Environment minister sends Canso spaceport company back to drawing board
Margaret Miller says company did not provide sufficient detail for her to make decision on proposal
Nova Scotia's environment minister says she can't make a decision whether to approve a proposed rocket launch site near Canso, N.S., because the company behind the project has not provided sufficient information.
In a decision released late Thursday afternoon, Margaret Miller said Maritime Launch Services (MLS) must conduct more studies and prepare a more comprehensive report "to better understand the potential for adverse effects or significant environmental effects."
Miller is requiring the company to submit a report on the potential impacts of the spaceport on water, soil, air, noise, flora, fauna, fish and fish habitat, protected areas and parks, dangerous goods management, waste management, human health and contingency planning.
The company will have one year to prepare the report once it receives specific instructions from the department. Maritime Launch Services must also submit baseline studies on wildlife, fish and fish habitat before the project begins.
Maritime Launch Services aims to build a private, commercial rocket launch site to send satellites into space for use in near-earth imaging, communications and scientific experiments.
The company has said it hopes to launch its first rocket in the summer of 2021, and plans to start out with three launches a year and work its way up to eight.
Company remains 'optimistic'
Stephen Matier, the president and chief executive officer, said while the decision put a damper on the company's plans to break ground later this year, it still plans on beginning construction in the spring.
"We will do it as quickly as we can, and as correctly as we can, we don't want to see this thing drag out," he said. "We certainly want to see this project through to success, we're certainly committed to making it work."
Matier said he's "disappointed" that their original application wasn't enough, but he said he's confident they'll finish the study with plenty of time to spare so they can begin construction as soon as possible.
"We never expected that this would fall off a log easy, we knew there would be challenges, and this is one of them," he said. "We're optimistic."
Miller's letter to the company said concerns were raised by members of the public, Mi'kmaq groups and the province's Environment Department, Department of Lands and Forestry and the Department of Fisheries and Aquaculture, as well as Environment and Climate Change Canada, Health Canada, Fisheries and Oceans Canada and the Department of National Defence.
The Native Council of Nova Scotia submitted a five-page letter to the Environment Department questioning several aspects of the project, including impacts on animals, birds and marine life and the structural integrity of nearby wind turbines.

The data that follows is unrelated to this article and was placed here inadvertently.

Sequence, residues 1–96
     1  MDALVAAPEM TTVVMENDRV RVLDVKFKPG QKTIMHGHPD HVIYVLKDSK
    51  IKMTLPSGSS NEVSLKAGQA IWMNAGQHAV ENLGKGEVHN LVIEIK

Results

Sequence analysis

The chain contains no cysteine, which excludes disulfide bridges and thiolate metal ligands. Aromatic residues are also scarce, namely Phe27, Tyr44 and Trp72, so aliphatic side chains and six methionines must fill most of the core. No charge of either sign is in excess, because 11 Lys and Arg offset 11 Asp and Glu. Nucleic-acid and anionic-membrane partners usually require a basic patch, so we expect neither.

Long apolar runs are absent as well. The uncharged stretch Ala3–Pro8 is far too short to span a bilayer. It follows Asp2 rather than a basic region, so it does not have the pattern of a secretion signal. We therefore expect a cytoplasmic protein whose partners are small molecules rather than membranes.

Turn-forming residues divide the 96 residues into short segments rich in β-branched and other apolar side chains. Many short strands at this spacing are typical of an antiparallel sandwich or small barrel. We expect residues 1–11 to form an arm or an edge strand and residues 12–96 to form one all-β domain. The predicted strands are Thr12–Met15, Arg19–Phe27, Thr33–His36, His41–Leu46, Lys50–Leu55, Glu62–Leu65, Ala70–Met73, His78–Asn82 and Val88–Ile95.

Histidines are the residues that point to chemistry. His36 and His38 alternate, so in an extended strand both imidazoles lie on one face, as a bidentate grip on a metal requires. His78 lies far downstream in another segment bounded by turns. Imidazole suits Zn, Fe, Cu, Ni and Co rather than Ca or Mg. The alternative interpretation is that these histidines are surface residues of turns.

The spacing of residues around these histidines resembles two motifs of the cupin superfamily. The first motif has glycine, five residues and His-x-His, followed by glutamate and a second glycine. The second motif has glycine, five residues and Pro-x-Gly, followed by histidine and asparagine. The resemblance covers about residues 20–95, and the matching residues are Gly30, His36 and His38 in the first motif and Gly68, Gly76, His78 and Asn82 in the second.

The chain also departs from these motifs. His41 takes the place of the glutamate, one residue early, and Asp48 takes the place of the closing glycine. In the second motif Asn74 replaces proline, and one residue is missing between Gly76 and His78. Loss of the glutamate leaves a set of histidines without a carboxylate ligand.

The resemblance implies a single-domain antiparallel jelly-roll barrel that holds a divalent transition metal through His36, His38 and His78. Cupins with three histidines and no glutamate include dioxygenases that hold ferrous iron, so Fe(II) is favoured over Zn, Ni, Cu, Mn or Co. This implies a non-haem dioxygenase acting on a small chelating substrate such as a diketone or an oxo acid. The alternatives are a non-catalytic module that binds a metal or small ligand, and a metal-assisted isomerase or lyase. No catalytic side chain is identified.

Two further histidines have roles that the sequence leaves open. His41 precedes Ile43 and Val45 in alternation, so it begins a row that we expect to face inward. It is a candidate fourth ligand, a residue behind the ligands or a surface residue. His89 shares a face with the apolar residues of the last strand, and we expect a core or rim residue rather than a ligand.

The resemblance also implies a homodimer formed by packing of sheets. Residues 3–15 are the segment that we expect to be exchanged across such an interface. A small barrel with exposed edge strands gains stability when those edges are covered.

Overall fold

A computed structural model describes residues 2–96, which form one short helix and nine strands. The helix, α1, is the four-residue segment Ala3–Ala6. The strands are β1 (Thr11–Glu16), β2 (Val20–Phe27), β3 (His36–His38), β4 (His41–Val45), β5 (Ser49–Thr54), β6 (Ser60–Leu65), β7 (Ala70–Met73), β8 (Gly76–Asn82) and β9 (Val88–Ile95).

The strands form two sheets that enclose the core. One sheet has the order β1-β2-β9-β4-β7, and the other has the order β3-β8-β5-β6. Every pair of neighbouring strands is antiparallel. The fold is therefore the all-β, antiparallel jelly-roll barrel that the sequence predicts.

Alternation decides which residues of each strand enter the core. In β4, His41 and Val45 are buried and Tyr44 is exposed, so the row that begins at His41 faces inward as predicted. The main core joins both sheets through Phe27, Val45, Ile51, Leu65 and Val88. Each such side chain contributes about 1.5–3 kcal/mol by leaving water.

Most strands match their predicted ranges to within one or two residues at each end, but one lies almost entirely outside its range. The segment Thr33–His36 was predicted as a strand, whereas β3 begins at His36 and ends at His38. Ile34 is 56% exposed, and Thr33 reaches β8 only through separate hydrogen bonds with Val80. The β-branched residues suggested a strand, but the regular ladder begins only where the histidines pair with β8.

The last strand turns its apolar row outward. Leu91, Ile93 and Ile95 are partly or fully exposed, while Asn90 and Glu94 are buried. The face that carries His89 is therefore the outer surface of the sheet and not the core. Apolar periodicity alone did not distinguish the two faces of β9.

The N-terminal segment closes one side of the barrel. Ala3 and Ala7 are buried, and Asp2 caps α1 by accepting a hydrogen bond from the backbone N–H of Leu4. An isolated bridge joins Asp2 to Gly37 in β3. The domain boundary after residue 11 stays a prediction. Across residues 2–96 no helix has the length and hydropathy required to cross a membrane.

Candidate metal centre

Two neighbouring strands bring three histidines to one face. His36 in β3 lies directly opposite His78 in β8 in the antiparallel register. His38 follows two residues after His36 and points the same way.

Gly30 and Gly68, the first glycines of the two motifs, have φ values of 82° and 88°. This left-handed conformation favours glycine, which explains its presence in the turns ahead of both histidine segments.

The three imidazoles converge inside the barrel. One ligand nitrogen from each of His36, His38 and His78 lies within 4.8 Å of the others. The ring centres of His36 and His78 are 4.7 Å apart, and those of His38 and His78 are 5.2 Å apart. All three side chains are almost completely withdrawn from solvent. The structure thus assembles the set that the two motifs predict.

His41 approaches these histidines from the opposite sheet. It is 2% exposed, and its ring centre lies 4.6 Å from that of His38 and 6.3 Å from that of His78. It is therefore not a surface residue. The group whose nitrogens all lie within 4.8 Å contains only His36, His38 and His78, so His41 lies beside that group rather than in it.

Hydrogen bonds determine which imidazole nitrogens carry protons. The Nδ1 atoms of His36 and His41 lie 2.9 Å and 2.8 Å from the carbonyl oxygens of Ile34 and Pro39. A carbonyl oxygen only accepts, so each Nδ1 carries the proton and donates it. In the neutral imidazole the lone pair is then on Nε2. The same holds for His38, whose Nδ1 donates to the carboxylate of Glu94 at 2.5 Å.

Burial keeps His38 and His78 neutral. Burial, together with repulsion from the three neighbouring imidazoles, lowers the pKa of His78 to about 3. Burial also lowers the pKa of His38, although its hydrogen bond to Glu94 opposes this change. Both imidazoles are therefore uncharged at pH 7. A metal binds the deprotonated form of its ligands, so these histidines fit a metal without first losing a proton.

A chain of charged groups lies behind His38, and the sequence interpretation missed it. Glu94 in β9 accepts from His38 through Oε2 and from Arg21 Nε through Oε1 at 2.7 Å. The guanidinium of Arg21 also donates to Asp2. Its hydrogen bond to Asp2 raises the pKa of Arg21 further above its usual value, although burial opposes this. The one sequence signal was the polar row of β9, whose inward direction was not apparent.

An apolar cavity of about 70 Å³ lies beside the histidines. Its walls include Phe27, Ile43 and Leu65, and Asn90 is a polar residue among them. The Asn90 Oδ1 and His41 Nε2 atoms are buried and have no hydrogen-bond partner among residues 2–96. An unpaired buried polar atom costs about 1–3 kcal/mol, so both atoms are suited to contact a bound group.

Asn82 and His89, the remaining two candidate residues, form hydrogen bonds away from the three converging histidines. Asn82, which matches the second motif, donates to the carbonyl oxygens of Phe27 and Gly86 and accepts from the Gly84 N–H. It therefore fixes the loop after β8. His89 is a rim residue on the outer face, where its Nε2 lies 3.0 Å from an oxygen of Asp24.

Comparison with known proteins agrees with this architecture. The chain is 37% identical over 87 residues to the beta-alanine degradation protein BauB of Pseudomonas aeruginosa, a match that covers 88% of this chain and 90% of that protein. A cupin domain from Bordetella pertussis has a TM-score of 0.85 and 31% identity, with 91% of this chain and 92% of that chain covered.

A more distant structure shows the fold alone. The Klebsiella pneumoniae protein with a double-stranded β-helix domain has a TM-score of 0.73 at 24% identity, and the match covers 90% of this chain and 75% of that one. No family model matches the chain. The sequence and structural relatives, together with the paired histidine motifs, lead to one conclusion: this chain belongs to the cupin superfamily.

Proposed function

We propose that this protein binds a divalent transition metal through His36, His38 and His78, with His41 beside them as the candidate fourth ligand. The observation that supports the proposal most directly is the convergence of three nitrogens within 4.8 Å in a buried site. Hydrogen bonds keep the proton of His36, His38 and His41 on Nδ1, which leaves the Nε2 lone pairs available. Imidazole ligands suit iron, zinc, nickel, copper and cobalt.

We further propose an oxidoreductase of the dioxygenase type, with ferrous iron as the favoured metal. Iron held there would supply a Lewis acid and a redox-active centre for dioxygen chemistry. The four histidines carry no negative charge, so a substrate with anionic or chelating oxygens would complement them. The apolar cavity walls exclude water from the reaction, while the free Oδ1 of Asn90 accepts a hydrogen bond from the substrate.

The council also mentioned the lack of data in the company's environmental assessment document about the plume of emissions that will occur during launches. MLS's assessment notes that the company needs more information from the rocket manufacturer about specific design details before it can complete plume emission modelling.
"How were the effects of air quality determined without modelling being completed?" the council asked in its letter.
Several residents who submitted comments to the department questioned the potential hazards of using of the rocket propellant unsymmetrical dimethylhydrazine, or UDMH, which one researcher has characterized as "toxic."
"I am primarily concerned about the accidental release of the second-stage rocket fuel, UDMH, should the rocket need to be destroyed before reaching the upper atmosphere," wrote Mark Beaudry. "Due to the extreme toxicity of the fuel, what precautions will be taken to prevent transportation accidents? This isn't just a tanker filled with gasoline or propane running through the streets."
A nine-page comment from avian consultant John Kearney, who notes that he did three years of fieldwork in the area before the nearby Sable Wind project was built, highlights potential impacts of the project on birds. Since the Canso area is an arrival and departure point for migrating birds, noise and lights from the spaceport project could affect several species, he writes.
Kearney notes that while the company's assessment concludes that the project will have minimal or no residual effects, "such an analysis is premature given the data gaps pointed out in these comments and the lack of information on the transport, handling and storage of UDMH."
Of the 14 public submissions, a small number were supportive of the project.
"I am wholeheartedly in favour of this project," wrote Ewen Gardner. "The further development of our space flight capabilities is necessary for developing security for humanity as a species. Furthermore, the development of a spaceport in Nova Scotia will have positive impacts on employment within Nova Scotia for building and then maintaining the necessary infrastructure."
A handwritten submission reads, "I firmly support the Canso spaceport facility project. There is not enough work in the Maritimes as it is. It can't hurt nothing as there is wind farms there now."
With files from The Canadian Press